I’m sure you’ve experienced the pain of having your hopes dashed because things didn’t turn out as you expected. How can you let go of expectations and accept changes in plans with more grace? That’s what we’re talking about today.
If there’s one thing the pandemic has taught us it’s that plans are changeable. Even things that seemed pretty set in stone, like kids would go to school every day, you’d be able to see your loved ones who live a plane ride away at least once a year, and you had to be in an office to get your work done.
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Even during the most stable times, there’s something so appealing about having a plan
Our brains are master pattern recognition machines, and love nothing more than a completed loop–to know with certainty what is going to happen and when, as well as how we’re going to feel about it. It’s a subconscious way that we try to deal with the fundamental impermanence of life and to create a feeling of groundedness. If right about now you’re craving a sense of predictability more than ever before, well, who could blame you? We’ve been living through a spin cycle where it seems every day the definition of up has changed. But that also means that now is a perfect invitation to loosen your grip on the expectations you have for how things are going to go down in the future.
The last two years have shown us again and again that we never truly know how things are going to, and that lesson is one of the biggest gifts of the pandemic.
Things are very much up in the air, still, and while that’s uncomfortable, it is also liberating, because it forces you to stick with the present moment. To appreciate today for what it is. And then to appreciate tomorrow for what it is when it arrives. And we really do kind of need to be forced in to the present moment, because otherwise we’re really eager to run off in to the future in an attempt to complete some of those patterns. Even though it’s impossible to complete patterns in advance, like trying to ice a cake that hasn’t been baked yet.
My daughter’s 8th grade class recently went to Washington DC
One of the few fairly normal experiences in their middle school careers. And one kid couldn’t go because his dad caught COVID the day before they were due to leave. Ugh, it breaks your heart for that kid and that family whom I’m sure wanted so badly for their child to have this experience! It could have been any of us. But really it’s yet another example that nothing is guaranteed, and we have to stay loose enough to be able to roll with the changes… and in so doing we will be less likely to get hurt, like in a car crash if you don’t brace yourself the impact won’t be as harmful. And you may just roll into something better.
So does that mean you should just stop thinking about what you’d like to happen in the future, and then take steps toward making it happen?
The dangerous thing about an expectation is attachment to a specific outcome–like throwing a dart into the future and expecting it to land right on the bull’s eye. When really, you want to think about the general direction you want to throw your dart and then see where it lands.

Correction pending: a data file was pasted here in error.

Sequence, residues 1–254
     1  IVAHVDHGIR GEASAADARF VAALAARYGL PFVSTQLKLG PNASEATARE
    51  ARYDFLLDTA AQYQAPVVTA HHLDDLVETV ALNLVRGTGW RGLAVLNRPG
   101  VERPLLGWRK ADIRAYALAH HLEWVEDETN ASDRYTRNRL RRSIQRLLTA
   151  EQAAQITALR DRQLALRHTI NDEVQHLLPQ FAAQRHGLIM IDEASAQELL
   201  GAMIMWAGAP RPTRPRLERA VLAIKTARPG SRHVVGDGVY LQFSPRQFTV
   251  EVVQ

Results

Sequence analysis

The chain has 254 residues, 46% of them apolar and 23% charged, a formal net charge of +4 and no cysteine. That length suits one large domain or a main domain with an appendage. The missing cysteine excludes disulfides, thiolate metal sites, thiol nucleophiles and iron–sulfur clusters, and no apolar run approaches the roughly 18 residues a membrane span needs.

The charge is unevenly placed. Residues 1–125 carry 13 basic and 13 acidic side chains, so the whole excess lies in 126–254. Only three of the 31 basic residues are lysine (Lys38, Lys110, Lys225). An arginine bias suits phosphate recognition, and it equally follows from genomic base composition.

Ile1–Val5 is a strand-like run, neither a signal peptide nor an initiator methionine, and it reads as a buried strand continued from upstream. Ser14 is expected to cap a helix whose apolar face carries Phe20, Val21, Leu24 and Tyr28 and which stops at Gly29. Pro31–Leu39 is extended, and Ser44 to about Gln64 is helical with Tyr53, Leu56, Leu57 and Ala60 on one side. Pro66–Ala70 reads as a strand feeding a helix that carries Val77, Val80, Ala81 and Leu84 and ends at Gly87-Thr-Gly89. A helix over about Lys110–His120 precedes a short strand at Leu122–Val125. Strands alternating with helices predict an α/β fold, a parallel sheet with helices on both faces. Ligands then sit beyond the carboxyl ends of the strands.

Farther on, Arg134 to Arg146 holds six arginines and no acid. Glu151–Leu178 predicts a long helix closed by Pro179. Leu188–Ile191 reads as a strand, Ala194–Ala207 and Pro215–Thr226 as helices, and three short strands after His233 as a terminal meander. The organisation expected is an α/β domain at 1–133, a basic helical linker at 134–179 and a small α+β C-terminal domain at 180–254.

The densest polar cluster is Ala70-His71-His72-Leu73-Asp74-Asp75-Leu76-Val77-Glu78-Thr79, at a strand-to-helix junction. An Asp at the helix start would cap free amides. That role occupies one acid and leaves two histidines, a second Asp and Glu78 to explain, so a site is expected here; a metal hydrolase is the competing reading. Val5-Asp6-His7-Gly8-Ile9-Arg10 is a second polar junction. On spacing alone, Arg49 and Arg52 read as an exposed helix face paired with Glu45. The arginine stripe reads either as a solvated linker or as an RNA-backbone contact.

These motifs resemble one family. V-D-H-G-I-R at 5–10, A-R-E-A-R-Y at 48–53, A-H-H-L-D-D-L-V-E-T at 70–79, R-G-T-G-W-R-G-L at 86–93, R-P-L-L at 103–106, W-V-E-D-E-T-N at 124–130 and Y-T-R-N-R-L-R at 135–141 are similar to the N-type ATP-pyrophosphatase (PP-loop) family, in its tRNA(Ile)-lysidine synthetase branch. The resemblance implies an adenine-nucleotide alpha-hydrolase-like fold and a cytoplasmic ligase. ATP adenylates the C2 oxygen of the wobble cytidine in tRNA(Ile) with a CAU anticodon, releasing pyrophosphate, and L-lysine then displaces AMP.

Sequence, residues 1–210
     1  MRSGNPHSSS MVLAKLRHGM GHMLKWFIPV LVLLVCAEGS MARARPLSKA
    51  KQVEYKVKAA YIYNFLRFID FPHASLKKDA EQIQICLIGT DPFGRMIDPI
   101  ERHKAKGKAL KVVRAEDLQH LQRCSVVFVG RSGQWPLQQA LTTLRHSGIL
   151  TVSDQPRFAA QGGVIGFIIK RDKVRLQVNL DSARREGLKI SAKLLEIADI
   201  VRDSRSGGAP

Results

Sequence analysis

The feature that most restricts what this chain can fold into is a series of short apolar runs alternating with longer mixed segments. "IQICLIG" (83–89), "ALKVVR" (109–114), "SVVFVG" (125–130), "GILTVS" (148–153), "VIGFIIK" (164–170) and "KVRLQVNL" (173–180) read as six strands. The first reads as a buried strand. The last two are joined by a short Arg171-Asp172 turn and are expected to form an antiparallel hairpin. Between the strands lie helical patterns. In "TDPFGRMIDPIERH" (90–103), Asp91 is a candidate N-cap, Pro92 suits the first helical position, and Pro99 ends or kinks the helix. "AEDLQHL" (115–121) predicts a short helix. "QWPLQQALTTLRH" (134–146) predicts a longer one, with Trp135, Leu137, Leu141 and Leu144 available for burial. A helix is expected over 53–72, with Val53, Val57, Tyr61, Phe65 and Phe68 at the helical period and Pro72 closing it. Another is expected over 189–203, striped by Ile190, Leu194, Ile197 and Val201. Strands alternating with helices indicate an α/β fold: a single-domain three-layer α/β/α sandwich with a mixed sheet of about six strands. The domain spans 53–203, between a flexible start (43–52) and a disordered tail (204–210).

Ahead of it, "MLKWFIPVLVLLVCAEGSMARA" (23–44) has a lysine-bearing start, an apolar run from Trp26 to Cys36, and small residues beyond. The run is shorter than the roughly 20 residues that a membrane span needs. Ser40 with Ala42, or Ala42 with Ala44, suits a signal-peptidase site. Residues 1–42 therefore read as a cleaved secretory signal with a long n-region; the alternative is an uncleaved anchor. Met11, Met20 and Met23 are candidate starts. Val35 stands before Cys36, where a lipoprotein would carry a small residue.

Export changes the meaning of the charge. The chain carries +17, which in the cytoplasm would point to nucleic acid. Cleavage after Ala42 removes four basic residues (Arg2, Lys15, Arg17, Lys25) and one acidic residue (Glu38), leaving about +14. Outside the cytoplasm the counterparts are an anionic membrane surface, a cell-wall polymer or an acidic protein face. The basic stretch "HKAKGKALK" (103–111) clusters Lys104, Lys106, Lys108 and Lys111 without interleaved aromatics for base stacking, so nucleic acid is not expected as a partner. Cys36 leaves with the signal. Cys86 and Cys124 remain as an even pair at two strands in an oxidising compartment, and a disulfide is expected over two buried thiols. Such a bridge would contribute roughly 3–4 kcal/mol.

A mantra that helps me not get too attached to a certain outcome when I’m making plans or thinking about things I’d like to happen is, “This or something greater.” It helps remember that there are all kinds of ways to get what you want and what you need.
As I made my third plane reservation for a reunion with my college roomates this fall, after two other trips had been canceled due to Covid, I thought, this or something greater. It just helps me remember that it’s not so much about THIS particular trip to this particular place on this particular date, but about the desire to feel connected. And there’s lots I can do in the meantime to feel connected to them.
When we were submitting applications for my daughter to high schools, I’d think, this or something greater. Same for when I submit proposals to clients. Or even make a plan with a friend for the weekend. It helps you not hang on all your hopes on one particular outcome.
Which protects you two ways – yes, it helps you avoid feeling disappointed when your expectation doesn’t come to pass, But it also helps protect you from feeling unfulfilled when they do come true, but they don’t make you feel like you expect to feel! It’s like that saying, Be careful what you wish for, you just might get it.
Daily Tiny Assignment
Your tiny assignment is just to notice your expectations as they arise in the next day or two, so that you can remind yourself, “this or something greater,” which helps you remember that there are lots of other ways you could possibly satisfy the desire that is at the heart of that expectation.
I’ll leave you with this quote from Pema Chodron, American Buddhist nun, from her book When Things Fall Apart:
“When we think that something is going to bring us pleasure, we don’t know what’s really going to happen. When we think something is going to give us misery, we don’t know. Letting there be room for not knowing is the most important thing of all….To stay with that shakiness… that is the path of true awakening. Sticking with that uncertainty, getting the knack of relaxing in the midst of chaos, learning not to panic—this is the spiritual path.”
In other words, you never know exactly what’s going to happen, and that’s OK.
I hope you’ll come back tomorrow when I’m interviewing Nina Purewal, author of the bestselling book Let that Shit Go, on how to let go of anxiety and the need to feel productive all the time.